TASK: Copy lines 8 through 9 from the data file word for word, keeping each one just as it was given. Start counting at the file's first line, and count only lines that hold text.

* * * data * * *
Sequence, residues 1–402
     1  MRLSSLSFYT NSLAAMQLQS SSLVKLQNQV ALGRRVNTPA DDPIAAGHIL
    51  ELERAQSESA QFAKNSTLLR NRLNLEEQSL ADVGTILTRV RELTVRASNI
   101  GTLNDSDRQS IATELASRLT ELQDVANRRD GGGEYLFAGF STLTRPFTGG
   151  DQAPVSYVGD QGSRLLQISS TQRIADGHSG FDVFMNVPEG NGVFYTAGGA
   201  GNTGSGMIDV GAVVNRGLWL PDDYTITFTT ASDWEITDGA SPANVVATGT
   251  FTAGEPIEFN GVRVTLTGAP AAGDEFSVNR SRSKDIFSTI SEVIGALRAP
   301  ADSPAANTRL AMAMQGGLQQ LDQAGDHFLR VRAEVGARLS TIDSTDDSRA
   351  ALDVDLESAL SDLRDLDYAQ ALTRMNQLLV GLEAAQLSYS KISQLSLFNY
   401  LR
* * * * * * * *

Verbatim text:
   301  ADSPAANTRL AMAMQGGLQQ LDQAGDHFLR VRAEVGARLS TIDSTDDSRA
   351  ALDVDLESAL SDLRDLDYAQ ALTRMNQLLV GLEAAQLSYS KISQLSLFNY